Among the "'utre" (angels) who emanated from Ḥayye Tinyane the most prominent is Ḥayye Tlitaye ("third life"), often called Abatur ("father of the 'utre"). He sits on the verge of the world of light that lies toward the lower regions, and weighs in his balance the deeds of the spirits ascending to him from the earthly life. Beneath him originally was an immense void, with troubled black water at the bottom in which his image was reflected, the reflection ultimately becoming solidified into Petaḥiel, called also Gabriel, who partakes of the nature of matter. Petaḥiel received the mission to build the earth and to people it. Accordingly he made Adam and Eve, but was unable to make them stand upright; whereupon Hibil, Shitiel, and Anosh were sent by Ḥayye Ḳadmaye to infuse into their forms spirit from Mana Rabba himself. Hibil then instructed man in the true religion, and apprised him that his Creator was not Petaḥiel, but the Supreme God who is far above him. Petaḥiel was then exiled to the under world, made up of four vestibules and three hells. Each of these vestibules has two rulers—Zartay and Zartanay, Hag and Mag (see Gog and Magog), Gaf and Gafan, Antan and Kin. In the highest hell rules the grisly king Shedum (in-Haggadic literature, Ashmedai; see Asmodeus).
Invested with the power of Mana Rabba, Hibil descended into these lower regions and brought forth Ruḥa, the mother of falsehood and lies, the queen of darkness, and prevented her return to the nether world (see Lilith). She then bore the devil Ur; he in his pride sought to storm the world of light, but was overpowered by Hibil, who cast him into the black waters and imprisoned him within seven iron and seven golden walls. By Ur, Ruḥa bore three sets of sons, seven, twelve, and five respectively. They all were translated by Petaḥiel to the heavenly firmament, the seven forming the seven planets and the twelve the signs of the zodiac, while the fate of the remaining five is unknown.True and False Prophets.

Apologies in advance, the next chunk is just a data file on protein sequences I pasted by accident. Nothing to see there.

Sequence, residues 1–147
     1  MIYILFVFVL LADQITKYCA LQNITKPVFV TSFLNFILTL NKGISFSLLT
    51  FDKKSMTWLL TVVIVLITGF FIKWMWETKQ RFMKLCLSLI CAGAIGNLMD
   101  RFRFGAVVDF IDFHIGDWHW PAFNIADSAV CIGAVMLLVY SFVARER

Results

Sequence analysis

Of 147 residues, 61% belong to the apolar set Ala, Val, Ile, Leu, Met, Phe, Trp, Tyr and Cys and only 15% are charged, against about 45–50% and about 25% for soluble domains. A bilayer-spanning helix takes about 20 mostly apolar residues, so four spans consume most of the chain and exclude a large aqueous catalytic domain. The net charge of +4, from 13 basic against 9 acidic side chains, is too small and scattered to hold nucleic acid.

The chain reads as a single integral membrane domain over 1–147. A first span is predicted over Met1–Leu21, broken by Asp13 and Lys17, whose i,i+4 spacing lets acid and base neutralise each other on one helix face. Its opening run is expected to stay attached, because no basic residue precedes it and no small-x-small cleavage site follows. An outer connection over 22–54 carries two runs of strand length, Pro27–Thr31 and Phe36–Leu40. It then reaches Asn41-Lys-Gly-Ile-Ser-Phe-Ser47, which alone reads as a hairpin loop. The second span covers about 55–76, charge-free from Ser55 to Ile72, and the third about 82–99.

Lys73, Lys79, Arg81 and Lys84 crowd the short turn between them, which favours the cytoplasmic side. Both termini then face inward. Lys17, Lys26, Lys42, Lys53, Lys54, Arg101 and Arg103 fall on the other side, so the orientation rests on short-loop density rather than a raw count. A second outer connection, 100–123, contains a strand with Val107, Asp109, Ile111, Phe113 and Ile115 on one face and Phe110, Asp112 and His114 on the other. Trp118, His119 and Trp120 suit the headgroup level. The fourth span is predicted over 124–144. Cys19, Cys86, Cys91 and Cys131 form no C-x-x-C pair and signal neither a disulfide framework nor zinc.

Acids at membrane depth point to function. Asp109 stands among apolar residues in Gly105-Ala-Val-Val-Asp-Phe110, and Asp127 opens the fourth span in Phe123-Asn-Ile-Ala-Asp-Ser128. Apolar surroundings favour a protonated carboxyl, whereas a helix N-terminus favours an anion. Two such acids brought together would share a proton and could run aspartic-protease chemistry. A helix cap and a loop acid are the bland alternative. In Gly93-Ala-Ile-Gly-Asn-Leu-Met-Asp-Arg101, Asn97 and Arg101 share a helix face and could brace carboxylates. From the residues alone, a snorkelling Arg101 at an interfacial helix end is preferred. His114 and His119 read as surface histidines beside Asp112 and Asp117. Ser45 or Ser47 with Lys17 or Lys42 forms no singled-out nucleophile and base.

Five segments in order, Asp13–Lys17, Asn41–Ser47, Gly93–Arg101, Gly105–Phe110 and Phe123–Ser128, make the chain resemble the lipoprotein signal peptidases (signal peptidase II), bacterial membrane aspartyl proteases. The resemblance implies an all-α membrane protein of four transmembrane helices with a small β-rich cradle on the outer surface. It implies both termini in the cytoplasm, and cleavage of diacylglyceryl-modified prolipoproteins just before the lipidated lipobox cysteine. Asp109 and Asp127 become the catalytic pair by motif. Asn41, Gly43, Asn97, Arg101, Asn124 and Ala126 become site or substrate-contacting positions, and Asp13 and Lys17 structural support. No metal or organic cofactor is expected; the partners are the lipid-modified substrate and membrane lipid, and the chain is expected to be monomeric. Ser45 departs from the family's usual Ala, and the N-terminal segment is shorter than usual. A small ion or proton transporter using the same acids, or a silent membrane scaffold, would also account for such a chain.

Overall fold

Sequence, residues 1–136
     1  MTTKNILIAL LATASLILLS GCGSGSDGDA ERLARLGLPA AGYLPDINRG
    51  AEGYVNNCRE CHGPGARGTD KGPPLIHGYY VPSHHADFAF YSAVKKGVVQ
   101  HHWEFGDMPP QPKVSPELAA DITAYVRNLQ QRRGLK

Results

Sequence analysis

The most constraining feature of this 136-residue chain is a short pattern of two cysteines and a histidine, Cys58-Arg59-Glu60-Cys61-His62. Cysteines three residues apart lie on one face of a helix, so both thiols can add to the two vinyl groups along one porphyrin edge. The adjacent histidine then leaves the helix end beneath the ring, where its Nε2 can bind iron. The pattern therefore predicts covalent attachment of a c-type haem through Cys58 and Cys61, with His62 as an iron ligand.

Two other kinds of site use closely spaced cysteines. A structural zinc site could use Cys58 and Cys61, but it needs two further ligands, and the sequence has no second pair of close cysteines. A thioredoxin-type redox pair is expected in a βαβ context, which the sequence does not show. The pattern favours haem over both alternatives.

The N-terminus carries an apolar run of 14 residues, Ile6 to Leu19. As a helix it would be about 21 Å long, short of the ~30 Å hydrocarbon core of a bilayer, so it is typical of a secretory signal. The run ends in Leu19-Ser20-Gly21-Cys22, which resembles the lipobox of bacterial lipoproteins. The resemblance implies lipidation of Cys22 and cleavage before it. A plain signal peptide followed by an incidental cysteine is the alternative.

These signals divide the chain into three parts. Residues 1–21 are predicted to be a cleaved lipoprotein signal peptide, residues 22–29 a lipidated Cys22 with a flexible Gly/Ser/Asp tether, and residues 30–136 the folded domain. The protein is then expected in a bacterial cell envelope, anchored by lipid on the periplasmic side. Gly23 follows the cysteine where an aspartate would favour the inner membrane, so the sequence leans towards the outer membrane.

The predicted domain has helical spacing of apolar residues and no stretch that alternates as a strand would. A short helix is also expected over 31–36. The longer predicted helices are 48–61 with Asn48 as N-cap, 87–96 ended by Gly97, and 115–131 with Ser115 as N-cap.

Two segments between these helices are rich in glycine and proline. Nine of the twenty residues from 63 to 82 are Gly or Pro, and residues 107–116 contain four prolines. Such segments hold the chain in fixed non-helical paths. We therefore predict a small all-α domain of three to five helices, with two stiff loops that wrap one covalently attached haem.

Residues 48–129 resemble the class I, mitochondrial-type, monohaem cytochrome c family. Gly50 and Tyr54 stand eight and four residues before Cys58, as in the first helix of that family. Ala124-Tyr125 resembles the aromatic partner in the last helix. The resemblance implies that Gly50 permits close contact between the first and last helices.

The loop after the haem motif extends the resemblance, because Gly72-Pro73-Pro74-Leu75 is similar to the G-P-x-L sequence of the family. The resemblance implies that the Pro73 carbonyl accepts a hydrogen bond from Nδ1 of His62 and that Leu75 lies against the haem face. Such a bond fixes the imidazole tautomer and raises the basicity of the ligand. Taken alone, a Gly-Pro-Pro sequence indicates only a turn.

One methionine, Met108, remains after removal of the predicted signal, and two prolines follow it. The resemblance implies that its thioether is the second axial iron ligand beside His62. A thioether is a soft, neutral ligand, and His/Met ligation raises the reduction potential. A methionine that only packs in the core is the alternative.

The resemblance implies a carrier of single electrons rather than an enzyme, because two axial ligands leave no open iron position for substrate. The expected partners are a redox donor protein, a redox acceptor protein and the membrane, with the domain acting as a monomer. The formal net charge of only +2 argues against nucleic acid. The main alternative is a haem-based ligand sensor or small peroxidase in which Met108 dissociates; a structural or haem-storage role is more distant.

According to the Mandæan belief the appointed duration of the world is four hundred and eighty thousand years, divided into seven epochs, in each of which one of the planets rules. The whole human race, with the exception of one single pair, has been destroyed three times. The Mandæans consider the Biblical saints as false prophets. Such were Abraham (who lived, according to their computation, 6,000 years after Noah, during the reign of the sun), Misha (Moses, in whose time the true religion was professed by the Egyptians, from whom the Mandæans claim to descend), and Shlimon (Solomon, son of David, to whom the devils yielded obedience; comp. Giṭ. 57a). A true prophet was Yaḥya (John), son of Zechariah, who was an incarnation of Hibil.
During forty years Yaḥya baptized myriads of men in the Jordan. By a mistake he baptized the false prophet Yishu Meshiḥa (Jesus), son of the devil Ruḥa Ḳadishta. Thereupon Hibil's younger brother Anosh descended from heaven, caused himself to be baptized, performed miracles, and brought about the crucifixion of the false Messiah. Then he preached the true religion, destroyed the city of Jerusalem ("Ur-Shalom" = "the devilfinished it"), which had been built by Adonai, and dispersed over the world the Jews, who had put Yaḥya to death. It is interesting to note that the Mandæans accuse the Christians of using the blood of Jewish children in the preparation of hosts.
- Chwolson, Die Ssebier und der Ssabismus, i. 100, St. Petersburg, 1856;
- Nöldeke, Mandäische Grammatik, Introduction, Halle, 1875;
- A. J. H. Wilhelm Brandt, Die Mandäische Religion, Leipsic, 1889;
- Joseph Halévy, in R. E. J. xxii. 139 et seq.;
- K. Kessler, in Herzog-Hauck, Real-Encyc.